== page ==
Tuesday 11 June 2013

Lo-fi Studio Tour Featuring the Bamstick Twin Neck Fretless Bass and Diddley Bow.

So a couple of years ago I very stupidly sold my vintage Dynelectron longhorn bass guitar and immediately regretted it. Without the funds to buy a replacement the only course of action open to me was to make one. Fortunately I was studying at art college at the time and had access to the workshops and some nice bits of wood.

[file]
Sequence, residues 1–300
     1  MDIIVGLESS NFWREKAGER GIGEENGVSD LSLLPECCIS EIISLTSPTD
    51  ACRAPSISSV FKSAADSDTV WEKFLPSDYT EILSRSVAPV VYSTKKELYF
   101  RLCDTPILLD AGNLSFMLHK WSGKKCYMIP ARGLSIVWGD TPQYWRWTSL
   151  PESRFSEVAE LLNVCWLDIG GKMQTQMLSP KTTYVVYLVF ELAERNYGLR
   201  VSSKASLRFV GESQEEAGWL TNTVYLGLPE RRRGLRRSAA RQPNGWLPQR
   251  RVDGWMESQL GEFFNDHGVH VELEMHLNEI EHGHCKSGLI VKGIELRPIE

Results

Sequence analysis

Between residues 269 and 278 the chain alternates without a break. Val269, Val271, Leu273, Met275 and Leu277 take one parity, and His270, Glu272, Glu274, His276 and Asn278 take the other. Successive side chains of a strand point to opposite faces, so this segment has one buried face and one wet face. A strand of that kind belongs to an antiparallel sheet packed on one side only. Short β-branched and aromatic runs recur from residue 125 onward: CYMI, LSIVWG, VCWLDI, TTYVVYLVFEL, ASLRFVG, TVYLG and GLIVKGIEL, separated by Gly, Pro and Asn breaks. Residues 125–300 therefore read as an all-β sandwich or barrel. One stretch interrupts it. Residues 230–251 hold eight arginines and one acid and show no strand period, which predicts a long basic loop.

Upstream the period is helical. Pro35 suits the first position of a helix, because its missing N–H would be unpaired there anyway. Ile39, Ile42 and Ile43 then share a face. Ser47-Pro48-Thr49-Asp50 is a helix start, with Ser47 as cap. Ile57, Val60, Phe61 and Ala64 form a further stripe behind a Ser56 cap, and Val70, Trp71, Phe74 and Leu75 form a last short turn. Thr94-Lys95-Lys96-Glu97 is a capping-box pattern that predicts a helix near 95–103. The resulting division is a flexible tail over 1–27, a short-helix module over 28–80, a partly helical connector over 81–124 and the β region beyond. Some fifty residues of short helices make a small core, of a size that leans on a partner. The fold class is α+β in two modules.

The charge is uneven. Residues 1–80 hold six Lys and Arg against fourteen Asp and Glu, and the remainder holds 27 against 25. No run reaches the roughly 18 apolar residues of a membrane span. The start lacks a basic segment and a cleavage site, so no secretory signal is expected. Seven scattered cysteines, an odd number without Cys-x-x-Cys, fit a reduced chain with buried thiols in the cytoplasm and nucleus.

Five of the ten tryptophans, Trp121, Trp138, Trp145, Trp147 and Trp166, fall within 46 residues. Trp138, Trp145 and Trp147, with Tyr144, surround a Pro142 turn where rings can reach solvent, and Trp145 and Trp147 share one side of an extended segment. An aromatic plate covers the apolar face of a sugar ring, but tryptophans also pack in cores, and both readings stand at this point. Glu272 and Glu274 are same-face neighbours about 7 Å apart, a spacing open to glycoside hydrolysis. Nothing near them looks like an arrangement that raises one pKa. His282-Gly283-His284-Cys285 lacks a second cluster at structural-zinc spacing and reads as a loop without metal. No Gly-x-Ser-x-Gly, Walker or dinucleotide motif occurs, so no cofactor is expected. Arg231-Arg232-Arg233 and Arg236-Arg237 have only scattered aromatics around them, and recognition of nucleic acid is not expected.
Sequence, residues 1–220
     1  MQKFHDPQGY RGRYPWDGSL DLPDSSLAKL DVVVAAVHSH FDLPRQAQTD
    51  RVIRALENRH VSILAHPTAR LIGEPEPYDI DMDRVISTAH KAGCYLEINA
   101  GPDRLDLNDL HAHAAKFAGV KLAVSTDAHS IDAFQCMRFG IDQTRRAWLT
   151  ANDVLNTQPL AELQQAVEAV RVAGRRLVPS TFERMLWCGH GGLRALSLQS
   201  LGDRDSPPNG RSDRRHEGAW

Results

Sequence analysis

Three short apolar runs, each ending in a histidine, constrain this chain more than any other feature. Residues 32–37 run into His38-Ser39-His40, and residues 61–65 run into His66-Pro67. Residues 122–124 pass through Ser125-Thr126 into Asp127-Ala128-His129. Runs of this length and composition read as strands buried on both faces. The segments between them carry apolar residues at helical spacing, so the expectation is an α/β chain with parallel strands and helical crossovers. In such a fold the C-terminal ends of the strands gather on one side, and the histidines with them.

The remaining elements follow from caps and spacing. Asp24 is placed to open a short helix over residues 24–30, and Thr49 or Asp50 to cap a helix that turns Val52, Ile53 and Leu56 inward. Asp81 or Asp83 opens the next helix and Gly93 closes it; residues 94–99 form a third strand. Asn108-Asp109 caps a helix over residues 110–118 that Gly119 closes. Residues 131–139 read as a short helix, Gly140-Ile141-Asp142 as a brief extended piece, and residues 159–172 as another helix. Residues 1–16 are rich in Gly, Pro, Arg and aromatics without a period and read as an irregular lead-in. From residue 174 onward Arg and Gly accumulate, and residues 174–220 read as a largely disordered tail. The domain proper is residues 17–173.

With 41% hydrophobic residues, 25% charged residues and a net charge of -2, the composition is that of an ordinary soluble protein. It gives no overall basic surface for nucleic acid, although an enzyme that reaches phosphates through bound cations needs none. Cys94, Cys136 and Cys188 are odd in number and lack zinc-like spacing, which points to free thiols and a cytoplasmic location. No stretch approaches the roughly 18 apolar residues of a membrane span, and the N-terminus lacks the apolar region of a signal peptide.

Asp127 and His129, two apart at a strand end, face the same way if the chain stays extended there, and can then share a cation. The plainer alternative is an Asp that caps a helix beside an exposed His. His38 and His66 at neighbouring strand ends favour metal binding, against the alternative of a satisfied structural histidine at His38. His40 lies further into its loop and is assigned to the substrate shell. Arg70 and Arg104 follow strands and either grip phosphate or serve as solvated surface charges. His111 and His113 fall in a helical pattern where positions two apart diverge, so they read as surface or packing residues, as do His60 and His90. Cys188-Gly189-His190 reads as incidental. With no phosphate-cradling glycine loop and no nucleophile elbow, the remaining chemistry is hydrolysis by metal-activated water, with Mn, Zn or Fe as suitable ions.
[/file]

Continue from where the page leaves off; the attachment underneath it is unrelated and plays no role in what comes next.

The instrument which I have affectionately dubbed the 'Bamstick' (a Scottish word for a mad/bad person) is made of a single plank of ash with brass bridge and nut, undersaddle piezo strip pickup and flatwound shortscale strings The body is mild steel sheet and a piece of dowel. Standard guitar machine heads and a steel tailpiece. I was pretty amazed by how well it worked and I've used it on tons of recordings with great success. Looking at it I realized I could push the idea a bit further and create a really hybrid instrument. As a result of researching homemade instruments I settled upon the idea of a diddley bow or one string guitar, the most basic melodic stringed instrument. Mine is made out of a broom handle and sports a round piezo pickup under the threaded bridge bolt. Hot glued into position, (same with the nut) and wired straight onto the jack socket along with the other strip style piezo from the bass. My diddley bow also has two strings instead of one for a slightly phatter sound and a bit chorusy when detuned slightly, strictly speaking it's 1 course of 2 strings. Amazingly it all works terribly well and now with the addition of my Electro Harmonix flight deck pedal combo mounted at waist level I can set up loops and basslines and play melodies and create drones with the diddley bow. It's great having the combo of high and low end sounds to play with and also with the added benefit of never having to plug and unplug different instruments. I've also modded the EHX Hazarai by adding an external footswitch to capture the loops and adjust timing which means I can have all the knobs at a height where I can adjust them on the fly without the drag of having to stoop down (at my age this is a definite boon). So there you are. I'm still getting to grips with the sonic possibilities of this setup but it's so addictive, I have to get a fix everyday. I like the fact that I can record it onto tape too, it sort of fits right in with the DIY ethic and besides I really like the sound. By the way I've discovered that if you record onto all 4 tracks in stereo in one go (my machine allows this) you get a pretty big fat sound for a cassette, I guess that's because it uses the whole width of the tape for just 2 tracks. I'll post up some more once I get to grips with the rig properly.